But it’s all a bubble. Not just in Brazil, but across the emerging BRIC world, the proliferation of malls is no longer about simply servicing new markets, but rather on figuring out how to steal someone else’s customer as well. The developers have been surfing on low-interest rates and first-world cash looking for emerging market returns; but the market is now overbuilt. Spreadsheets do not equal customers. The new, very elegant Village Mall in Rio was empty. At the new Igatemi Mall in Brasilia, almost a quarter of the mall was vacant. It isn’t that the money and people aren’t there; it’s that both the money and the consumer are getting smarter.
In our shrinking global economy, the emerging middle-class consumer is both cyber-savvy and traveling globally. The same Gucci handbag is significantly more expensive in Sao Paulo than it is in Miami due to import duties; so why buy it at home? From Ginza in Tokyo to Macy’s in Herald Square, the world’s emerging middle class is flocking to global shopping destinations. That impact is not just affecting the fortunes of Saks and Marc Jacobs, but also on less expensive players like Aldo and Woodbury Commons.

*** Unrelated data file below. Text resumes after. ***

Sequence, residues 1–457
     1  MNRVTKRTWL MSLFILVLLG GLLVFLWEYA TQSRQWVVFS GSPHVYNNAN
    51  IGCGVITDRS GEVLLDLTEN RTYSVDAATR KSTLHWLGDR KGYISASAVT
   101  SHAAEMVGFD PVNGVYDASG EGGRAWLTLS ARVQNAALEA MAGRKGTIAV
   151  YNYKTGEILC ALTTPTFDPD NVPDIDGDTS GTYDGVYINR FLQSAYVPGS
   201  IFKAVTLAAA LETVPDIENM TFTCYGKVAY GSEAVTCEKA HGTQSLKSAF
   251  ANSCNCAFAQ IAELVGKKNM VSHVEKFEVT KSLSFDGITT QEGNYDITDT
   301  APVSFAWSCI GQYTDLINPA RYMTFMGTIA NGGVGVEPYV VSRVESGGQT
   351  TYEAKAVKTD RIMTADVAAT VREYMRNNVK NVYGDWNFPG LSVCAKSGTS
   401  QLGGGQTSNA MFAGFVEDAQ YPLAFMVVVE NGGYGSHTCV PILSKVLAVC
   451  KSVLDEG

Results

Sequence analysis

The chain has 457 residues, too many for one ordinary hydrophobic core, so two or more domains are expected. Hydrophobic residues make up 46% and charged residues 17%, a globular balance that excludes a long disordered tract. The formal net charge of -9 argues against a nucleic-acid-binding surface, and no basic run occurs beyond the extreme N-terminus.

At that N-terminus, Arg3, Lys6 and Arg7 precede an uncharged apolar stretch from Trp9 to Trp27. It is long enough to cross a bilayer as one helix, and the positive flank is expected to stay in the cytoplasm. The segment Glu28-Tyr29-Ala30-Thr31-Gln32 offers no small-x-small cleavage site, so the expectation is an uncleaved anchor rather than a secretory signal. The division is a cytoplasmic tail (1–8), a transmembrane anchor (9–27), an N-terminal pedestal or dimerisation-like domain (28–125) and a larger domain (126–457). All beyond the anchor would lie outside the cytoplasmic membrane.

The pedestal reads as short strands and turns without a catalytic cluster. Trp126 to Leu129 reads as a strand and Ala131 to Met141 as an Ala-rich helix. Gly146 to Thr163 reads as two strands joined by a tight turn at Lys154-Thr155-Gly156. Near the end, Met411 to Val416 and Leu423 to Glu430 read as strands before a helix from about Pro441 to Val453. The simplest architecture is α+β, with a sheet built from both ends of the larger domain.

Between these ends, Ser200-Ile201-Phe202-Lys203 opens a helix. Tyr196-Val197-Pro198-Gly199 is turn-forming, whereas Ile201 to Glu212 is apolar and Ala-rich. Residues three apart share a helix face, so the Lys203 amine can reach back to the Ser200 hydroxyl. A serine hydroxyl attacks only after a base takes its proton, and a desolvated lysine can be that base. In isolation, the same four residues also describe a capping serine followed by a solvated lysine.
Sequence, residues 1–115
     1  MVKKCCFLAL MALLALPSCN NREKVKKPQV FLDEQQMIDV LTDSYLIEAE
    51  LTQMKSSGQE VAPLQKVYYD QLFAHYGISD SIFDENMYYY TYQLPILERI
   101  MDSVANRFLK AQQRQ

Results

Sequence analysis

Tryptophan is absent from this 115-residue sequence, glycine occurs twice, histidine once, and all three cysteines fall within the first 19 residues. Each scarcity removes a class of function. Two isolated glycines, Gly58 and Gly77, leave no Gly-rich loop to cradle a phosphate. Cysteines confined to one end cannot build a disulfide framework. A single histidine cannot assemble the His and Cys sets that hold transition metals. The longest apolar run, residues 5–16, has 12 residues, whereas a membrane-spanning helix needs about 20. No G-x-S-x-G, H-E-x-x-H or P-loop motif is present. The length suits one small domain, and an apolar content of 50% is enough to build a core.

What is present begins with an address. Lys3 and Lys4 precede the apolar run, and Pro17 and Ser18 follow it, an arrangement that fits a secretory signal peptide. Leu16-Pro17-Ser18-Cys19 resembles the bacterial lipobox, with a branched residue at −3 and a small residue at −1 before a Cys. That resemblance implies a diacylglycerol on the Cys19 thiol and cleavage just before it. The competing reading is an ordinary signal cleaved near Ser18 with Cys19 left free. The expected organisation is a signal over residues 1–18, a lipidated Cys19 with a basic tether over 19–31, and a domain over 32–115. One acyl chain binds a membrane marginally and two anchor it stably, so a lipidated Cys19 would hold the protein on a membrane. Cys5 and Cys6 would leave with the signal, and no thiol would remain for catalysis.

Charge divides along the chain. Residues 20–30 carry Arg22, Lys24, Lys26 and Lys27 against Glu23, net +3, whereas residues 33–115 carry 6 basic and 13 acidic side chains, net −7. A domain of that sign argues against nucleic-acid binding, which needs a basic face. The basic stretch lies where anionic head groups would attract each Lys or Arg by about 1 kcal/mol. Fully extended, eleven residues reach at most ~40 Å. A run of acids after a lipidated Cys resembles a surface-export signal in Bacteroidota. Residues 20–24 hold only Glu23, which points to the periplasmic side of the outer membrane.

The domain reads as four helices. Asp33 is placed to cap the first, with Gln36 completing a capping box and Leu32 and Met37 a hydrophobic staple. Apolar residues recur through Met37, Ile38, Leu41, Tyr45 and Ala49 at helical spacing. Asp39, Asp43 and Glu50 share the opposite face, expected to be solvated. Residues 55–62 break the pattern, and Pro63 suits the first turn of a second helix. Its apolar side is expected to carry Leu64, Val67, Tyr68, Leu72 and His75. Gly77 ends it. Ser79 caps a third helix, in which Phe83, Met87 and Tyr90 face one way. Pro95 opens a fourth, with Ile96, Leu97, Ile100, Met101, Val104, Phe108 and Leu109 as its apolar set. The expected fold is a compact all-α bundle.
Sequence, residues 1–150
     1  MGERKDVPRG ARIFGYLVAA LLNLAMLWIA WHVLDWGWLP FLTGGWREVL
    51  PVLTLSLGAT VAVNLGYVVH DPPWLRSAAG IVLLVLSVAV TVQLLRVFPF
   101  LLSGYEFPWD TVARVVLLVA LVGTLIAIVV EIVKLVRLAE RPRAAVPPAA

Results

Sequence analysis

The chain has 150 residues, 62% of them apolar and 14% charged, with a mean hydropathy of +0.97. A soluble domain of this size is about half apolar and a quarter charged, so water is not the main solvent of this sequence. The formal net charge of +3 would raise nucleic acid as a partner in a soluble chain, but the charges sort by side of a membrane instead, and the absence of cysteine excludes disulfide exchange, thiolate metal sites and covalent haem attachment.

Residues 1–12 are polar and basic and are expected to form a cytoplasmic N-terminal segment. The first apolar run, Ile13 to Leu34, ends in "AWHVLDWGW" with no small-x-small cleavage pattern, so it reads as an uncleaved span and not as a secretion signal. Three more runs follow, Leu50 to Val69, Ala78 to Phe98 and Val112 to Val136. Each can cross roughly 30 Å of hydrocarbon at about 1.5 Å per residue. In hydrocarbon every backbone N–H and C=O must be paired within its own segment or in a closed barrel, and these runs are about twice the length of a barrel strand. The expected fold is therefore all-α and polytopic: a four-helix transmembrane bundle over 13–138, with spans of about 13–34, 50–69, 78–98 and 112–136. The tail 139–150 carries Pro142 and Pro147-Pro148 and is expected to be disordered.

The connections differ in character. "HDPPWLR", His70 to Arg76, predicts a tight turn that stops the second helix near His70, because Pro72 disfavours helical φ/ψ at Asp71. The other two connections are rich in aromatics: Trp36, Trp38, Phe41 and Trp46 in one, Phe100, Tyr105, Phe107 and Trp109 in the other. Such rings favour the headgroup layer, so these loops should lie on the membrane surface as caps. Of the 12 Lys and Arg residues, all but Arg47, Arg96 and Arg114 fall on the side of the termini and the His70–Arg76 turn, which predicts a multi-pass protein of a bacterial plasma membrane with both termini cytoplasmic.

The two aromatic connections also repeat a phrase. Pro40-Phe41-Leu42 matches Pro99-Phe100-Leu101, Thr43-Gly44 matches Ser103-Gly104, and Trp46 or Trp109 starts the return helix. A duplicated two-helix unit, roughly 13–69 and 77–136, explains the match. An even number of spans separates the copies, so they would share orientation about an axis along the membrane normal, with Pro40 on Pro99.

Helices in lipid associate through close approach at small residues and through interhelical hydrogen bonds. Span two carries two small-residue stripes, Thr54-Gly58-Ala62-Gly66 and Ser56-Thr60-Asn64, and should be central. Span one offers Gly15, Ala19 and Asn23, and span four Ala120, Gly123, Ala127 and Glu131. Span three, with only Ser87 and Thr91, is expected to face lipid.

American merchants are curiously inept in effectively responding to the visiting tourist. With the possible exception of high-end jewelry icons such as Harry Winston, Bulgari and Tiffany who have recognized that market, why are the rest of us so clueless? Any good restaurant in London or Paris has menus in multiple languages; does Danny Meyer? More than 10 years ago, we established that if you pick an arbitrary dollar amount based on the merchant, it could be $500 or $1000, what we found was that a remarkable number of transactions in prime gateway cities were charged to offshore credit cards.